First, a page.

The reputation of the Non-Governmental Organization (NGO) is on thin ice. Ever since journalist and aid worker Michael Maren skewered NGOs in his book The Road to Hell in 2002, arguing that they often do more harm than good, NGO skepticism has cropped up in popular discourse. Most recently, distrust of NGOs emerged in a Cambodian law passed July 13, 2015, that requires all Cambodia-based NGOs to report their activities and finances to the government, or else risk criminal charges. Do NGOs really pose such a threat?
For financier-turned-philanthropist Jonathan Starr, NGOs have the potential to help: after all, he started his own successful NGO, the Abaarso School of Science and Technology, in Somaliland. Nevertheless, Starr widely criticizes the distribution of aid, especially by NGOs. With high salaries and low accountability for NGO employees, and without revenue or measurements of “customer” satisfaction, argues Starr in a piece for the Wall Street Journal, vast quantities of aid money go to waste. Starr envisions NGOs that run more like companies, which would include “a single geographic market with executives on the ground, highly efficient costs and properly motivated employees” as well as “programs that [beneficiaries] would value.”
True to Starr’s vision, there has emerged a trend towards “privatized” aid, which can take the form of either large-scale donations to private firms, or NGOs that use market-based incentives to attract investors to impoverished areas.
Does privatized aid work? According to Pulitzer Center grantees Claire Provost and Matt Kennard, the answer is “not very well.” Provost and Kennard evaluated the $900 million in public funds—from the World Bank and the European Bank for Reconstruction and Development (EBRD)—donated to the German supermarket chain Lidl. The idea was to create jobs and bring better quality food to poor consumers. Yet opponents have reported low employee satisfaction at Lidl stores, alleged labor rights abuses, and food that is not necessarily cheaper. The reporters also note, however, that wages at Lidl are higher than at other retailers.
Perhaps most harmful is Lidl’s ability to undersell other retailers. Local grocers struggle to compete with the chain’s artificially low prices, and as Provost and Kennard observe, “In Bucharest nearly all of the chain’s outlets are within walking distance of an older, local marketplace.”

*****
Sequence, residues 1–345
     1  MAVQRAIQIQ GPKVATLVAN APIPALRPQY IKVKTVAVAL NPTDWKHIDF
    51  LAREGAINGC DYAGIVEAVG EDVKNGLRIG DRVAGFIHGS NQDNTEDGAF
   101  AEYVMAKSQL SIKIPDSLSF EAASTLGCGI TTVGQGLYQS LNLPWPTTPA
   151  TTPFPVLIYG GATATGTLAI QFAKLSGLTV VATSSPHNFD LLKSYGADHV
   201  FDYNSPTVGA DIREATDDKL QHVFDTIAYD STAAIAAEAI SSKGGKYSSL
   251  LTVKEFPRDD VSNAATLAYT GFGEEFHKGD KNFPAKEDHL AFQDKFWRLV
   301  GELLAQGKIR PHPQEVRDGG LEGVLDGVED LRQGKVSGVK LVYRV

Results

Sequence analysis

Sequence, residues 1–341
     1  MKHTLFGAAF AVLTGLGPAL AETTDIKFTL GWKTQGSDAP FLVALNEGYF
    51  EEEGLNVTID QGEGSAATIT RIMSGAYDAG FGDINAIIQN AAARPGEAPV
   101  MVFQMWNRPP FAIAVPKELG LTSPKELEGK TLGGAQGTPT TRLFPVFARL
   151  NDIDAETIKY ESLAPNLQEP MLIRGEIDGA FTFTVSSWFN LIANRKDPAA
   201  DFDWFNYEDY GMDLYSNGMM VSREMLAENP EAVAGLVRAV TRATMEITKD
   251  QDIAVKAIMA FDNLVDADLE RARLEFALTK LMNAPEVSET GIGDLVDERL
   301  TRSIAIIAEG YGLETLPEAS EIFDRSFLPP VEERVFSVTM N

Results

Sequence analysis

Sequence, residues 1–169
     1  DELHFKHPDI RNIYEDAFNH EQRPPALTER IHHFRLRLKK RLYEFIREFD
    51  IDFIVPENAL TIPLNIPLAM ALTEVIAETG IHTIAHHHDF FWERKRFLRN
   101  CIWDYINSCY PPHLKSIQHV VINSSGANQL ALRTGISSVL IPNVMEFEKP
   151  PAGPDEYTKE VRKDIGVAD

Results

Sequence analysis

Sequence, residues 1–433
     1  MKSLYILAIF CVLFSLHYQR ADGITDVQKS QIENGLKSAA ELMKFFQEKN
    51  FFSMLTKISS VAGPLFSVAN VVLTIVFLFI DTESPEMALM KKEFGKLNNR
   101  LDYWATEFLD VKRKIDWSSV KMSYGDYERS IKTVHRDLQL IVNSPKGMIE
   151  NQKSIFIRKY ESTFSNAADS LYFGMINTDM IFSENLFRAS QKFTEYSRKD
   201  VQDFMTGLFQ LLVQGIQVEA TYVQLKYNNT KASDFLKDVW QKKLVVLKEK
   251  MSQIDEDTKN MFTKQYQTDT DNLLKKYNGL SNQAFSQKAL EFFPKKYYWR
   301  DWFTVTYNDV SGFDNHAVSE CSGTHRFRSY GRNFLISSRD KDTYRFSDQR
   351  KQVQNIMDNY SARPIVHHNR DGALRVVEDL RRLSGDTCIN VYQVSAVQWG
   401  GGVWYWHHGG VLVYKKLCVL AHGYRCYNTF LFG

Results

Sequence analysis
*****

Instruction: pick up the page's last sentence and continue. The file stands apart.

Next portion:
The other form of privatized aid—the NGO that uses market-based incentives—looks good on paper, but often falls short of its goals. Provost and Kennard examined one such program, the Southern Agricultural Growth Corridor of Tanzania (Sagcot), which aims to make the country friendlier to investors and remove impediments to a sound business environment.
According to the London-based social entrepreneur Carter Coleman, Sagcot has lobbied the government in a useful way: “When the government's done certain things that have been damaging to agricultural investors, [Sagcot] lobbied them to stop.” However, the chief executive of the Sagcot center, Geoffrey Kirenga, claims that "We [Sagcot] do not do lobbying.”
Additionally, while Sagcot has in the past boasted a “locally defined and locally led vision for implementation,” according to Jane Nelson, director of the Corporate Social Responsibility Initiative at the Harvard Kennedy school, Provost and Kennard say that efforts to commercialize Tanzania’s agriculture are faltering. Several farmers interviewed said that, after investors took over their farms, they remain uncompensated and unsure of the future. Progress has stalled, leaving small farmers in the lurch.
Starr’s vision for NGOs run like businesses certainly could work. But his most important piece of advice, it seems, is to follow through. He stresses “executives on the ground” to ensure swift and effective implementation of plans. Cambodia’s new hawkish oversight of NGOs has yet to prove its success, but a movement toward some accountability for NGOs doesn’t sound so crazy.